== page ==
Football Friends Online – When 90 Mins Is Not EnoughThe art of utilising a footballer - Football Friends Online - When 90 Mins Is Not Enough The art of utilising a footballer - Football Friends Online - When 90 Mins Is Not Enough

The art of utilising a footballer

Watching VFB Stuttgart’s come-from-behind win over Eintracht Frankfurt last weekend was instructive for a number of reasons. First, and most glaring, was the fact that Stuttgart were able to bag all three points away at a vociferous Commerzbank-Arena while still reeling from two straight Bundesliga losses. Okay, to be fair, Frankfurt were not exactly on a fairy tale run themselves. So toothless have Armin Veh’s charges been that prior to this game, they had failed to find the back of the net in their past five matches. Essentially it can be said Stuttgart came up trumps in a contest between two teams short of confidence.

The second thing that caught my eye in this entertaining encounter was the deployment of Cote d’Ivoire’s veteran left back Arthur Boka as a midfielder. The modern game seems to have unwittingly given rise to the phenomenon of the ‘utility’ player and Sir Alex Ferguson seems to have been one of the pioneers of this form of tinkering. It was he who would plant Phil Neville at the right extreme of a four-man defence and, a few games later, unleash him on creative midfielders in the middle of the park to protect the back four. The Special One also used this tactic during his time in England, Michael Essien being his primary target. There is nary a position behind the forward line that the Ghanaian didn’t fill in during his time under Mourinho. Despite being just 1.77m, he was pitted against giant centre forwards in the sweeper role. More recently we’ve all marvelled at how snugly Barcelona’s Adriano fits into any role Tito Vilanova demands of him. The Brazilian has been shifted through virtually all the defensive positions as Carlos Puyol, Gerard Pique, Eric Abidal and Dani Alves were sidelined at various stages of the season. Even as this ersatz winger dispatched his defensive duties with zest, he still found time notch a few important goals for the Blaugrana.      

According to the match commentator, manager Bruno Labbadia pushed Boka infield to add more muscle to the midfield. But if the first half of the Sunday game was anything to by, this strategy backfired as Stuttgart struggled for possession and their rearguard found themselves exposed on several occasions. Stefan Aigner’s goal from captain Pirmin Schweigler’s sublime through pass gave a measure of how little protection Stuttgart’s defence were getting from Boka and William Kvist, the club’s designated stopper. Both players seemed to have gone AWOL before the break, with Boka in particular floating aimlessly between the halfway line and Frankfurt’s box. The Ivorian’s negligence of his defensive duties led to forwards Ibrahima Traore and Shinji Okazaki tracking back more than necessary, reducing their usefulness as attacking outlets. In the second half Boka returned to the field better informed of his role, being upended in the 48th minute to win the penalty that cancelled out Aigner’s strike and taking his place at the pump after Georg Niedermeier’s header put Stuttgart ahead.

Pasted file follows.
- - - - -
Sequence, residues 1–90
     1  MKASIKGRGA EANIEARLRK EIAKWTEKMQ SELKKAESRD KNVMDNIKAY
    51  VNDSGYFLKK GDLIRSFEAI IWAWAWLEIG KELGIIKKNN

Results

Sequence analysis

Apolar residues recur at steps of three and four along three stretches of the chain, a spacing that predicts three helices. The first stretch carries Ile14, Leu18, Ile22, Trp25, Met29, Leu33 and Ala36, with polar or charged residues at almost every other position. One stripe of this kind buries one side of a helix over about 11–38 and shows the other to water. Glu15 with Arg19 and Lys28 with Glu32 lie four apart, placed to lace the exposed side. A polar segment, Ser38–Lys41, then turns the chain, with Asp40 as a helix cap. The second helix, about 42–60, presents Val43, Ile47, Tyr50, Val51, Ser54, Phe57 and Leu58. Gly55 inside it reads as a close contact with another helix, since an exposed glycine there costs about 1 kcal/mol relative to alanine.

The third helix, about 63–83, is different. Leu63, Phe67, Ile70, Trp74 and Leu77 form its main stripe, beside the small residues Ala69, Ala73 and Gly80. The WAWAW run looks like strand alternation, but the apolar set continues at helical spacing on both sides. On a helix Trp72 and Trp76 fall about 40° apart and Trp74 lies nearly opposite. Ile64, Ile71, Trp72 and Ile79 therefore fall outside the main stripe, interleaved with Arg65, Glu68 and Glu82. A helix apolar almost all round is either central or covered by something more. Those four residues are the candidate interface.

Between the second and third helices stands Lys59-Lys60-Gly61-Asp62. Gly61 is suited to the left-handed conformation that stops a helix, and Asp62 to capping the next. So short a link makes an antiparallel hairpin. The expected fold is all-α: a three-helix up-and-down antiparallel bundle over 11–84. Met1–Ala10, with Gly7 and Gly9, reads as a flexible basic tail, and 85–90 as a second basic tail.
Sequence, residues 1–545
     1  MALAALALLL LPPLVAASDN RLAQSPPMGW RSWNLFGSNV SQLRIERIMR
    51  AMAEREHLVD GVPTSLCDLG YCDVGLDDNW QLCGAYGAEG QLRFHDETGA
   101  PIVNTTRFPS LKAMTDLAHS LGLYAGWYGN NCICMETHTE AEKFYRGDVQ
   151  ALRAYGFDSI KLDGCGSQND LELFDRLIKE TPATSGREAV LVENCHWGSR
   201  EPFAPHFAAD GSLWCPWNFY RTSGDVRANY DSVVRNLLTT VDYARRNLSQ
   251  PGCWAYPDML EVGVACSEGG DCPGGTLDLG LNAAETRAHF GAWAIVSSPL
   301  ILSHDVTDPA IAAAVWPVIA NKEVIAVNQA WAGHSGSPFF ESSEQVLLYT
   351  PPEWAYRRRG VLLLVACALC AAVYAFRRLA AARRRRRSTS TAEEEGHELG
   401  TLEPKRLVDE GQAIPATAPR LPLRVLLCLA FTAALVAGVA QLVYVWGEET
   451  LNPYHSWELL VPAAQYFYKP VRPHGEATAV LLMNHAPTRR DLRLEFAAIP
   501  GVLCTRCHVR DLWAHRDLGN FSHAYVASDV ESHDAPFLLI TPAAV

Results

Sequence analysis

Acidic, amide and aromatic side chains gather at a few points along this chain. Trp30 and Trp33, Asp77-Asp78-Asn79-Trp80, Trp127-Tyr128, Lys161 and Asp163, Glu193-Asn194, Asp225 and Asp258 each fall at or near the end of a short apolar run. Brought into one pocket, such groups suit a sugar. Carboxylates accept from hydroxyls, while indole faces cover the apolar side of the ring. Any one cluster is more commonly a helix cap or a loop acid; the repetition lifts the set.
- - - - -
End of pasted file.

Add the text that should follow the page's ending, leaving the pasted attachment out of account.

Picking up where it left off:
But the question remains, if Stuttgart had come up against a team more prolific than one that hadn’t scored in the past six weeks, would Labbadia have been punished for his Boka experiment? Listening to the Stuttgart coach’s remarks regarding their dismal Europa Cup display in Rome against Lazio, you can sympathize with his desire to add some steel to the midfield. “…we need to be clearer in our defensive behaviour…” he moaned. Most of the times coaches shift players from their comfort zones, they face squads decimated by injuries or suspensions, or like in Stuttgart’s case, they want to strengthen a particularly vulnerability in the team.

Given that this is becoming more and more frequent in Europe’s top leagues, what does this mean for today’s footballer and the quality of the game? Are football academies adapting to accommodate this dimension of the modern game by churning out all-action youngsters capable of playing anywhere on the park? And does this mean there will be less ‘wizards’ on the field, their flair being sacrificed to produce more physically attuned, efficient, all round players? I recently read a blog which lamented the disappearance of creative genius in the Serie A, being replaced by faster, more athletic, but less inventive players. And save for Andrea Pirlo’s magical performances as a deep-lying creator for Juventus, you cannot help but agree with the author of the blog. It’s my sincere hope that the multiplication of all-action midfielders/defenders in club football doesn’t sound the death knell for the beauty in the beautiful game.  

Phil Kimonge